Since ACT English is so repetitive, and the SAT Writing and Language has very similar questions, these ACT English tips should be applicable across the both tests.
Also, I’m going to discuss the began/begun question – one of hardest questions in ACT English – so pay attention!
ACT English Tip 1: Inserting or Deleting Information
I’m sure you already know what this question is about. It’s very common, with usually at least 3 of this type per test. Here’s an example:
1. The writer is considering deleting the underlined portion. Should the sentence be kept or deleted?
A. Kept, it reinforces the main idea of the essay.
B. Kept, it adds relevant information.
C. Deleted, because its claim is too general to be relevant to the essay
D. Deleted, as it contradicts the idea that …
A lot of people have a tendency to think about whether they think the sentence should be kept or deleted, and then answer that way. The problem with this approach is that the reason has to make sense as well, and only one of the reasons is actually sensible. You should make a decision about your answer based on the reason, not what you would actually do if you were editing the passage. This way, you’re turning the question from a subjective one about your opinion into an objective one about whether the reasons make sense or not. It’s always better to be answering objective, right or wrong types of questions!
In this example, obviously I didn’t have an actual passage, so you won’t see those specific answer choices. However, phrases along these lines are quite common in the answer choices, so ask yourself “is the information relevant to the essay?”, “does it contradict the idea that … ” etc. This is the question you should be answering – not whether or not you think the sentence should be kept.
ACT English Tip 2: Modifiers
The tough thing about this question is that it’s hard to spot. Once you do, the rule is very easy to master. Here’s an example:
After cycling for 3 hours, Sabrina felt as though the road would never end.
2: Which of the following choices is NOT acceptable?
A. Sabrina had cycled for 3 hours, and felt as though the road would never end
B. After cycling for 3 hours, the road felt endless to Sabrina
C. After Sabrina had cycled for 3 hours, she felt that the road would never end.
D. The road felt endless after Sabrina had cycled on it for 3 hours.
Did you get it? The correct answer is B (meaning choice B is wrong). Notice how, in that sentence, there is no subject in the first clause “After cycling for 3 hours”? This means that you don’t know who or what has been cycling for 3 hours. Logic tells you it’s Sabrina, when you read the rest of the sentence. Grammar tells you otherwise! The rule is that when there’s a clause without a subject, whatever follows the comma is the subject of the clause. Choice B actually implies that the road had cycled for 3 hours! Clearly that sounds silly, but it’s what the sentence is telling you grammatically. Watch out for this, as it’s not obvious to spot!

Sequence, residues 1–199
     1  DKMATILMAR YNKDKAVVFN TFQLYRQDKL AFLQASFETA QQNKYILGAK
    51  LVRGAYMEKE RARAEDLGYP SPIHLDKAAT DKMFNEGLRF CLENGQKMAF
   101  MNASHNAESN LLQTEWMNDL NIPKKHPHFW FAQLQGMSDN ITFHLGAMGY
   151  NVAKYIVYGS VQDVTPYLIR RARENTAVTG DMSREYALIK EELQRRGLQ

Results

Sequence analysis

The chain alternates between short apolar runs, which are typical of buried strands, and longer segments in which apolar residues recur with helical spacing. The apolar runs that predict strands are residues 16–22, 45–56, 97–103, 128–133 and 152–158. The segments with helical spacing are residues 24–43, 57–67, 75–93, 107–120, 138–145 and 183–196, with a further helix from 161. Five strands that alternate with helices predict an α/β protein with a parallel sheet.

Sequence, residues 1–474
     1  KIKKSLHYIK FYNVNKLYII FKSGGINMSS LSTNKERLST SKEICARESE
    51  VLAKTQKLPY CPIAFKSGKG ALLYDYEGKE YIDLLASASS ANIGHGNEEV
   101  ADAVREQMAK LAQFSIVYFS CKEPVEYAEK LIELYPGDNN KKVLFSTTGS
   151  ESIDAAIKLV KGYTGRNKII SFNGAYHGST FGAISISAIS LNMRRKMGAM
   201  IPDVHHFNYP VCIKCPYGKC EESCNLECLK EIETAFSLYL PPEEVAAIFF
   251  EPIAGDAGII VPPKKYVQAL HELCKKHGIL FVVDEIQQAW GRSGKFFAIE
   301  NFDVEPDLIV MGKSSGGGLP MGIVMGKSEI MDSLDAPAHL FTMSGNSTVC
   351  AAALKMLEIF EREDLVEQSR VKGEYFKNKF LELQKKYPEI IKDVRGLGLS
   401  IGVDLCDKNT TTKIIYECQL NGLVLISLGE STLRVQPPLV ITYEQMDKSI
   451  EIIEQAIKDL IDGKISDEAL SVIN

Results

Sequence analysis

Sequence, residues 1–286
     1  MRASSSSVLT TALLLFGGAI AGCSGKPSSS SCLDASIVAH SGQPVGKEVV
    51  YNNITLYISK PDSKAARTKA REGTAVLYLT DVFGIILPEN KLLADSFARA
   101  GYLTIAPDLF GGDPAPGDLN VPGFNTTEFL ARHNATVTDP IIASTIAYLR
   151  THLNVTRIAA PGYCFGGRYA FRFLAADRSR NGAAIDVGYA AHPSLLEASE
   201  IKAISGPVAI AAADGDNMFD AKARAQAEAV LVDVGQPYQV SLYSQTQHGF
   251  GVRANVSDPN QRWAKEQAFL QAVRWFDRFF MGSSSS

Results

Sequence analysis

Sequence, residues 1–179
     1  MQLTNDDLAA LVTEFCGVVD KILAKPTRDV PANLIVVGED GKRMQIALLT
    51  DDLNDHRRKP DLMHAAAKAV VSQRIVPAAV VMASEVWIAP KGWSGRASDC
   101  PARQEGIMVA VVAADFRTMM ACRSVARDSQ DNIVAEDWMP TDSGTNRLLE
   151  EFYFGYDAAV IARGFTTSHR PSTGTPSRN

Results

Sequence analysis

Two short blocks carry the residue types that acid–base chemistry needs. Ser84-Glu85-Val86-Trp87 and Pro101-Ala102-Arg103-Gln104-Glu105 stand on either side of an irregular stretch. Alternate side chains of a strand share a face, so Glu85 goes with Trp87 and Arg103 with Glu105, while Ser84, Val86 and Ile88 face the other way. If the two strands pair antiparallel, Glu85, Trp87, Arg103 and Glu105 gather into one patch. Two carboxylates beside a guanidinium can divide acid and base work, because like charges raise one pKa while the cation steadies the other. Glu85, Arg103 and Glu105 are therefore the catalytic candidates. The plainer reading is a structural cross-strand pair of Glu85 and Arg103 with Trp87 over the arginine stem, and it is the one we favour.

ACT English Tip 3: Parallel Phrasing
This kind of question is easy to spot, but hard to answer! You’ll know because the answer choices are different forms of the same verb. Here’s an example:
Early in the morning, I opened the box, emptied the contents onto my desk, and begun to examine the detritus of my sister’s life.
A. NO CHANGE
D. had begun
The trick is to match the verb you’re being asked about with one elsewhere in the sentence. Sometimes this requires you to remove some of the extra information that’s in the sentence, but isn’t relevant (like an interrupting clause, for example). Here, the question is made harder because a lot of people get confused about the verb ‘to begin’. As a general rule, if you can’t remember which is present and past tense, test it out in your head with a different sentence.
Let’s take the answer choices one by one:
A. ‘begun’ always needs to be used with other verbs, as in ‘had begun’. It’s wrong on its own.
B. ‘began’ is past tense, like the rest of the sentence. It’s the correct choice.
C. ‘beginning’ would work if the sentence continued with a phrase like ‘beginning to examine the detritus of my sister’s life, I found…’. But it doesn’t, so it’s wrong here!
D. ‘had begun’ doesn’t match the tense of the rest of the verbs in the sentence (i.e. none of them are in the form ‘had opened’). It would work if the sentence continued ‘had begun to examine the detritus of my sister’s life when I noticed…’.
This is such a tough one – questions with the ‘to begin’ verb are always so hard. I hope this helps clear things up in your head!
I hope you find these ACT English tips helpful! This blog post arose out of a cue card that I was making with one of my students, the idea being that he read it right before going into the test. Sometimes this is good, especially with things like the modifiers question – it’s so tricky to spot that you might find it helpful to be thinking about it in the back of your head while you write the test.
Share your top ACT English tips in the comments below!